As winter finally gave way to spring and the region’s homebuilders embarked on plans to break new ground, Kristine Hillmer, executive director for the Metropolitan Builders Association, began to fret. Her concern? A shortage of skilled labor. She quickly cobbled together a panel to find solutions, including partnering with high school trade programs and technical […]
As winter finally gave way to spring and the region’s homebuilders embarked on plans to break new ground, Kristine Hillmer, executive director for the Metropolitan Builders Association, began to fret. Her concern? A shortage of skilled labor.
She quickly cobbled together a panel to find solutions, including partnering with high school trade programs and technical colleges to increase the ranks of homebuilders. “The Metropolitan Builders Association is starting a concerted effort to ensure a labor pipeline of educated and dedicated employees,” she says. According to the National Association of Builders, 20 percent of economic expansion is tied to housing, so a push to widen the labor pool could have a ripple effect on the overall economy.
“Thirty percent of our workforce left the industry during the recession,” says David Belman, co-owner of Don Belman Homes in Waukesha. Now, “you’re going to have to wait in line for a carpenter. That’s not something where you can just go grab a guy. You need an apprenticeship.”
That’s not the only issue confronting homebuilders. Fewer lots are for sale: According to the Wisconsin Department of Administration, from 2001 to 2005, 19,938 buildable lots were brought on the market in Kenosha, Ozaukee, Racine, Washington and Waukesha counties, which equates to about 4,000 per year. In 2009, only 320 were approved, and that number dropped to 216 in 2010 (the most recent year for which data was made available). Additionally, prices for building materials are climbing.
Lumber prices have spiked as much as 80 percent over the past year, says Tim O’Brien of Tim O’Brien Homes in Pewaukee. “With just the lumber package alone,” he says, “prices have gone up between $4,000 and $5,000 per house. During the recession, lumber mills closed down. Demand goes up, and supply is still restricted.”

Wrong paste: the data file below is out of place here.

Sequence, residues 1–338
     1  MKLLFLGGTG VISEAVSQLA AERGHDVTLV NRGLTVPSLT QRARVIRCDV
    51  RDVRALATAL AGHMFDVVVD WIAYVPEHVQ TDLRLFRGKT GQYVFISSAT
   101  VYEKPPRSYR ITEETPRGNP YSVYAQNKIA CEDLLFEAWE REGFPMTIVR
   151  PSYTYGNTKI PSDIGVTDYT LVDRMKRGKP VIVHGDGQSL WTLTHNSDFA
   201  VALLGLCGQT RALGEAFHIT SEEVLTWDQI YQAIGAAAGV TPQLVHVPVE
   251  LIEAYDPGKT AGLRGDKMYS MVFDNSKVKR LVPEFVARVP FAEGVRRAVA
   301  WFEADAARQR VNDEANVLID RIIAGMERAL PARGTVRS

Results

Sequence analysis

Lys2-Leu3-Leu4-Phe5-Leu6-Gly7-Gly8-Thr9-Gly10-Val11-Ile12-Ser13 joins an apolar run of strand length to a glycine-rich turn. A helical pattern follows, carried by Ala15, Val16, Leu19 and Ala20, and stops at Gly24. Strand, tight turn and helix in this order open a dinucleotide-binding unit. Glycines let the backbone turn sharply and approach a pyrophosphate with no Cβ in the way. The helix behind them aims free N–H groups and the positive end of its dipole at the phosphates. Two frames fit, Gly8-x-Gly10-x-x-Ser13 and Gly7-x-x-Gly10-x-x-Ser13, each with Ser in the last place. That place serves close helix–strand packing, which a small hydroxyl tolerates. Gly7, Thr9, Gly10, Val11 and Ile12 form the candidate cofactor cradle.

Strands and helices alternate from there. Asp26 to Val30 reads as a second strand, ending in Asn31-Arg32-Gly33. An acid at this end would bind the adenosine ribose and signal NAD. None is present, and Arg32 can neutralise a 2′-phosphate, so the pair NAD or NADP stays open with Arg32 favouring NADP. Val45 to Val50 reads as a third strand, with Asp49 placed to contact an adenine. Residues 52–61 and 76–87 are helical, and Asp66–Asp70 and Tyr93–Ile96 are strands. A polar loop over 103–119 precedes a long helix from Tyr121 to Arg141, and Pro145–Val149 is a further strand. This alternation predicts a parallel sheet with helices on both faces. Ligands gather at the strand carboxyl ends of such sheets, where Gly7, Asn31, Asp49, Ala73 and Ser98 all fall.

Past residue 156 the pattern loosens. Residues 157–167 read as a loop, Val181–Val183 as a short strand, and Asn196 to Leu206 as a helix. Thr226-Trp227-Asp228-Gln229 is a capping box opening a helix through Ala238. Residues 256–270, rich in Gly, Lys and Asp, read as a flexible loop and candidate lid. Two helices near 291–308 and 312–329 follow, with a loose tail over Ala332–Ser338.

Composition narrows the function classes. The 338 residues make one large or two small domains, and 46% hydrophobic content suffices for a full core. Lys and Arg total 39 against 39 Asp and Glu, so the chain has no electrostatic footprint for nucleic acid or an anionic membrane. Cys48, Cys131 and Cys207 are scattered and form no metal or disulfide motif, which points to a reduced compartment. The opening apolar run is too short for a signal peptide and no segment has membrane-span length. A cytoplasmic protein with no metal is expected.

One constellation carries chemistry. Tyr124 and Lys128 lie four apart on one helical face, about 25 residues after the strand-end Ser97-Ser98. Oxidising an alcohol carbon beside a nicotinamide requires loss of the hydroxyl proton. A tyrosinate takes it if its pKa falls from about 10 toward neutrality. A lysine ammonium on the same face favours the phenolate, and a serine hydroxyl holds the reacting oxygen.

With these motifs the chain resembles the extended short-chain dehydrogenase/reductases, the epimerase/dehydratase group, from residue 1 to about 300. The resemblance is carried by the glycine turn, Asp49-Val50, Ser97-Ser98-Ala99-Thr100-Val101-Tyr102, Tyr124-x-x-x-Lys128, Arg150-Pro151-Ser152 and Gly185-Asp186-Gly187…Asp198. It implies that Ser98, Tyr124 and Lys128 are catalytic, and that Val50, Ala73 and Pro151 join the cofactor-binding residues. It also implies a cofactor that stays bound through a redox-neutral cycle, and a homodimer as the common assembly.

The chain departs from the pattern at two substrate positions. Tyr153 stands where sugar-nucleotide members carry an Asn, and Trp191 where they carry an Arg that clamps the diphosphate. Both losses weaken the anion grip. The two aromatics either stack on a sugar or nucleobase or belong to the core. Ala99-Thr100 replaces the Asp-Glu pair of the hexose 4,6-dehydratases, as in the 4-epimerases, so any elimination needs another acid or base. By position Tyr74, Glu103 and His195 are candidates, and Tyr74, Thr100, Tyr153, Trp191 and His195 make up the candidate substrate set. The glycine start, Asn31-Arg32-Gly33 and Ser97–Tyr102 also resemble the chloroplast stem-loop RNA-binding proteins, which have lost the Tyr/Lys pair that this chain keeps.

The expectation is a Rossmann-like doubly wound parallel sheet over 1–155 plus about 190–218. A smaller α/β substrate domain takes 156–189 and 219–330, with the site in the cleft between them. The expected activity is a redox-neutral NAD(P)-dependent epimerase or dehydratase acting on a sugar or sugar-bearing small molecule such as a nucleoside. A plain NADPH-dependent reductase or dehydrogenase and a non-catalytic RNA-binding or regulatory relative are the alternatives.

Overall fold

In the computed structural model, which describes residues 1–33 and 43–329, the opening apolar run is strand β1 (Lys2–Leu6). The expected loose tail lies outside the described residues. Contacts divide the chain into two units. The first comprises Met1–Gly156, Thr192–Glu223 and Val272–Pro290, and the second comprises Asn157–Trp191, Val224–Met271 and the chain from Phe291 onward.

Scott Thistle, owner of Halen Homes in Brookfield, which builds 30-40 homes a year, was forced to raise prices for new homes over the past few months. Demlang Home Builders of Sussex, which builds semi-custom homes from the Illinois border on up to Sheboygan, also increased prices as much as 5 percent to accommodate material costs.
To offset costs, Belman has turned to alternative supplies, such as vinyl window frames (instead of wood) or prefinished floors, as opposed to hand-finished ones. “Drywall went up quite a bit, too,” says Belman, “to about $1,000 a house from the beginning of the year.”
Despite these hurdles, many say there has never been a better time to build new. Interest rates remain historically low, as do asking prices. “It’s a window I don’t think we’ll ever see again in our lifetime,” Belman says. “Now is the best time to build.”
Housing starts in Milwaukee, Waukesha, Ozaukee and Washington counties are up for both multi- and single-family homes, according to MTD Marketing Services of Wisconsin. In 2011, 893 homes were built, and that number increased to 970 in 2012. During the first quarter of 2013, ground was broken for 237 new homes. Still, that’s nowhere near the pace of 1,693 homes built in 2007 or the 2,000-plus homes for each year between 2002 and 2006.
Since starting Tim O’Brien Homes in 2007, O’Brien has experienced a rise in sales every year. In 2013, he expects to build 140 homes split between the Milwaukee and Madison areas. For a 2,100-square-foot home, the average lot and home package is around $275,000, and O’Brien says clients are looking for energy-efficient models.
That jibes with another trend: Buyers of newly constructed homes are more economically minded than a decade ago. “Oversized rooms are no longer acceptable,” says O’Brien. “Nobody wants to pay for that extra footage.”
It holds true for Demlang, too. “A 2,000- to 2,200-square-foot home is really our bread and butter right now,” says Demlang. “A lot of our clients are downsizing but don’t want to give up quality, like solid-surface countertops and upgraded floors.”
But according to Hillmer, the allure of a sparkly, brand-new home will never fade. “There’s always that feeling that everything’s new,” she says. “It’s designed around your lifestyle and your taste.”
|This article appears in the July 2013 issue of Milwaukee Magazine.
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